So what does all of this tell us? For the most part, these changes are simply expansions of previously existing rules and comments to recognize the role that computer technology plays in attorney practice and advertising; however, some of the other changes go beyond this, discussing for example issues of data privacy and the balance between maintaining that privacy to the utmost through certain software and the difficulty and technical issues such high privacy standards can cause, potentially affecting the attorney’s use of that data.
Particularly interesting is the comment to Rule 1.1 on attorney competence that states that an attorney must possess knowledge of the “benefits and risks associated with technology” to comply with this rule. Is this simply a cautionary comment, to make sure attorneys desiring to use cloud-based storage, for example, know the risks of involving a third party in housing clients’ data and information? Or is it equally addressed to attorneys who have not jumped into the latest technologies, suggesting that, to be the best attorney you can be, it is important to utilize the best and most efficient means of representing your clients, which may very well include the introduction of certain software and Internet services into your practice?
I would imagine that further interpretation of these changes will be forthcoming through CLEs and ethics opinions, but students preparing to enter the legal profession will do well to keep these changes in mind, and, as the language of the previously mentioned comment suggests, consider the “benefits and risks associated with technology” as you prepare to practice. Technology can certainly do a lot to enhance the legal profession, but with each new service comes new legal and ethical implications to be considered.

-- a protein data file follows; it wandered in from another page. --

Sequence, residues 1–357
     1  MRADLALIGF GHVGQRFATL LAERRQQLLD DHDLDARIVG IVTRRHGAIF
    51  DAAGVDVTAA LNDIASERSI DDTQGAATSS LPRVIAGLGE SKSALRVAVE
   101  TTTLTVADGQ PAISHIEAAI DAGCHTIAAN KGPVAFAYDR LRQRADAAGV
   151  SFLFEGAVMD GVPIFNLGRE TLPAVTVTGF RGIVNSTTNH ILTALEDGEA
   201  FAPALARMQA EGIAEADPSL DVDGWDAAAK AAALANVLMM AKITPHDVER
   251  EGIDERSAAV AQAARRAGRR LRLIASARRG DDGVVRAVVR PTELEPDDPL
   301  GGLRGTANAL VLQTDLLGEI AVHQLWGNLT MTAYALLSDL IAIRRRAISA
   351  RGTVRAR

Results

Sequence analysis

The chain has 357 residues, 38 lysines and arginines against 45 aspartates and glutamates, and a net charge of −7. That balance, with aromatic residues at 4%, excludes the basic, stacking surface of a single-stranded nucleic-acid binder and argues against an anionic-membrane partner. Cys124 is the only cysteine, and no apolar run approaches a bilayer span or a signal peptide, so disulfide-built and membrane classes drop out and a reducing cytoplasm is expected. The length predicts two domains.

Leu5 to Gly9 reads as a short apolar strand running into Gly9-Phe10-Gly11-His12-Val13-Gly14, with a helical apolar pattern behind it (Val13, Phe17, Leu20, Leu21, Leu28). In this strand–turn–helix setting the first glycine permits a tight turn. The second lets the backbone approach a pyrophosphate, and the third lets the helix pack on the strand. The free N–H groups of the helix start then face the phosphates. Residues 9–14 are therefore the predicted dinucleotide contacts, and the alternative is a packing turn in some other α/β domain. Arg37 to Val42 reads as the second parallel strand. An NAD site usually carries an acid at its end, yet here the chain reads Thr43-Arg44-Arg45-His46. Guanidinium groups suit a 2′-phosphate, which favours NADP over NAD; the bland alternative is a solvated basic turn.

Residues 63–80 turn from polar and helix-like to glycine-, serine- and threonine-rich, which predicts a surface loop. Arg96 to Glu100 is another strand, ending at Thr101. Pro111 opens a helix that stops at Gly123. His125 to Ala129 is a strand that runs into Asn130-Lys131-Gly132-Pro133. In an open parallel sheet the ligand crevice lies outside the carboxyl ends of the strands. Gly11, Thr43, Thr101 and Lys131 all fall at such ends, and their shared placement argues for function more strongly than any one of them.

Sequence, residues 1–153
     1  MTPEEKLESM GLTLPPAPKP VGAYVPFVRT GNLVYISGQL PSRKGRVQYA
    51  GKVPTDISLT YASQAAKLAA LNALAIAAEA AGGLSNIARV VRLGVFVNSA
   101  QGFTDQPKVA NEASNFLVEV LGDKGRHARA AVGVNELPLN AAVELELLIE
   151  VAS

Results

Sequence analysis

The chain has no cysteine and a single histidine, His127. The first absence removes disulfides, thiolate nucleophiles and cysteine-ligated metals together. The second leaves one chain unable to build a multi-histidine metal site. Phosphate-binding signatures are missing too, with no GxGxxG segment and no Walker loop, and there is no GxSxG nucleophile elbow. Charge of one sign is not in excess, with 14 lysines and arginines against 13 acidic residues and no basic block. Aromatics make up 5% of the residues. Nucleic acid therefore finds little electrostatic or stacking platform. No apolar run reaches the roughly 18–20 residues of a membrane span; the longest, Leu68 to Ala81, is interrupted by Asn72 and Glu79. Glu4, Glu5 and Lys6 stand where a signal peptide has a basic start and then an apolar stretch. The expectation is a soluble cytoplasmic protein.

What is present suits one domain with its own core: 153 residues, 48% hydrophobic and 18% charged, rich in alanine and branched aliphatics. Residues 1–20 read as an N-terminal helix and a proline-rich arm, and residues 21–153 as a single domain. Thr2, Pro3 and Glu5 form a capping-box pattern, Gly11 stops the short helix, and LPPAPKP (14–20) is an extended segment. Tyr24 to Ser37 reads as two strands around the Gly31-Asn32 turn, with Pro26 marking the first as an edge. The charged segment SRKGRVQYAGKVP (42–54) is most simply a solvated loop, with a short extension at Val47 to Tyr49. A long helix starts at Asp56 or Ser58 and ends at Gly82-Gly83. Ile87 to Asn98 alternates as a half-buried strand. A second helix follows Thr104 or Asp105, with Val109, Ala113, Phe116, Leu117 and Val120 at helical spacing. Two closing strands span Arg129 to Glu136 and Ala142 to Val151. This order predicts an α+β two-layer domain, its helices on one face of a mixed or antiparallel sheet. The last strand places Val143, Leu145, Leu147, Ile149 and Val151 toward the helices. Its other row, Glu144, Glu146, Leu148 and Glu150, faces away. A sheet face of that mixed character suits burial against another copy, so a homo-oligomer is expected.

Check out the full text of all the August 2012 changes approved by the ABA House of Delegates.
Posted by Ashley Ahlbrand
| April 3rd, 2013 | Comments Off
Just in case you were wondering, that snow falling this morning was no joke– spring has officially been cancelled for the IU-Bloomington campus. “After years of careful analysis, we determined that law students concentrate better during cold, bleak weather,” announced Maurer Dean of Students Catherine Matthews. “Think about it! Don’t you hit the books a lot harder when it’s gray and miserable outside?” “The metrics do not lie!” echoed Professor Bill Henderson. “Just look at my groundbreaking study, Cleveland– Where the Sun Never Shines, But the Litigation Sizzles! Lake effect snow causes staggering increases in filings and billable hours!” When asked how exactly the Law School effected such drastic changes in weather patterns, Acting Dean Hannah Buxbaum replied, “This was actually a campus-wide initiative. The snow is not confined to the northwest corner of 3rd and Indiana.” Former Maurer Dean and IU-Bloomington Provost Lauren Robel likewise demurred when asked for details. “All I can say is that with great responsibility come some pretty awesome powers,” she said.
Posted by Keith Buckley
| April 1st, 2013 | Comments Off
As you put on your scarf and gloves, pull on your boots, and chip the ice and brush the snow off your car this morning, take heart that you are still having a better day than Punxsutawney Phil…
(courtesy of usatoday.com)
Last week, a prosecutor in Ohio indicted Phil on felony fraud charges stemming from the Gobblers Knob resident’s February 2nd prediction of only six more weeks of winter. Citing “aggravating circumstances” and seeking the death penalty, the indictment accuses the groundhog of “purposely, and with prior calculation and design,” causing people to believe that an early spring was forthcoming. Intriguingly, Phil’s 39% accuracy rate is far worse than random guessing. He is overwhelmingly likely to predict a long winter, forecasting an early Spring less than 14% of the time. His century-long pattern of inaccuracy may help save his hide.
Extradition issues aside, Phil is unlikely to stand trial. Being a prudent and savvy marmot, he has already retained top-notch legal counsel. In a motion to quash filed over the weekend, Phil’s legal team lays out a highly scientific defense. Additionally, Bill Deeley, a high-profile member of Phil’s entourage, is attempting to take some of the heat off of the ground squirrel asserting: “I’m the guy that did it; I’ll be the fall guy. It’s not Phil’s fault.” Likely on advice from counsel, Phil has declined to publicly comment about the charges against him and maintained a low profile.
Will a defense consisting of rodent illiteracy, a negative North Atlantic Oscillation, and the misinterpretation of ‘Groundhogese‘ prevail? Only time will tell. Regardless of Phil’s ultimate fate, get ready to stow those snow boots for at least the next six months. Relief is in sight. In the meantime, stay warm!
Posted by Michelle Botek
| March 25th, 2013 | Comments Off